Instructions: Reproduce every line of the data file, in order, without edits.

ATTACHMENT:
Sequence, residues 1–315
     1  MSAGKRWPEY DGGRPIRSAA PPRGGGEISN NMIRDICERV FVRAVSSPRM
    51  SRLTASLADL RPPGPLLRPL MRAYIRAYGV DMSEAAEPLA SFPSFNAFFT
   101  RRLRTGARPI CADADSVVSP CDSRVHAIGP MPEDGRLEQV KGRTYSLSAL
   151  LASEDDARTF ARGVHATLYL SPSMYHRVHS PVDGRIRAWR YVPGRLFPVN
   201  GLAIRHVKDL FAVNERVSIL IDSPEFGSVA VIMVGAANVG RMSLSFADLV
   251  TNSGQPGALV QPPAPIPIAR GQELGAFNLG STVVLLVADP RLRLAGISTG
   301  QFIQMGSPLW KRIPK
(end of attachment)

Sequence, residues 1–315
     1  MSAGKRWPEY DGGRPIRSAA PPRGGGEISN NMIRDICERV FVRAVSSPRM
    51  SRLTASLADL RPPGPLLRPL MRAYIRAYGV DMSEAAEPLA SFPSFNAFFT
   101  RRLRTGARPI CADADSVVSP CDSRVHAIGP MPEDGRLEQV KGRTYSLSAL
   151  LASEDDARTF ARGVHATLYL SPSMYHRVHS PVDGRIRAWR YVPGRLFPVN
   201  GLAIRHVKDL FAVNERVSIL IDSPEFGSVA VIMVGAANVG RMSLSFADLV
   251  TNSGQPGALV QPPAPIPIAR GQELGAFNLG STVVLLVADP RLRLAGISTG
   301  QFIQMGSPLW KRIPK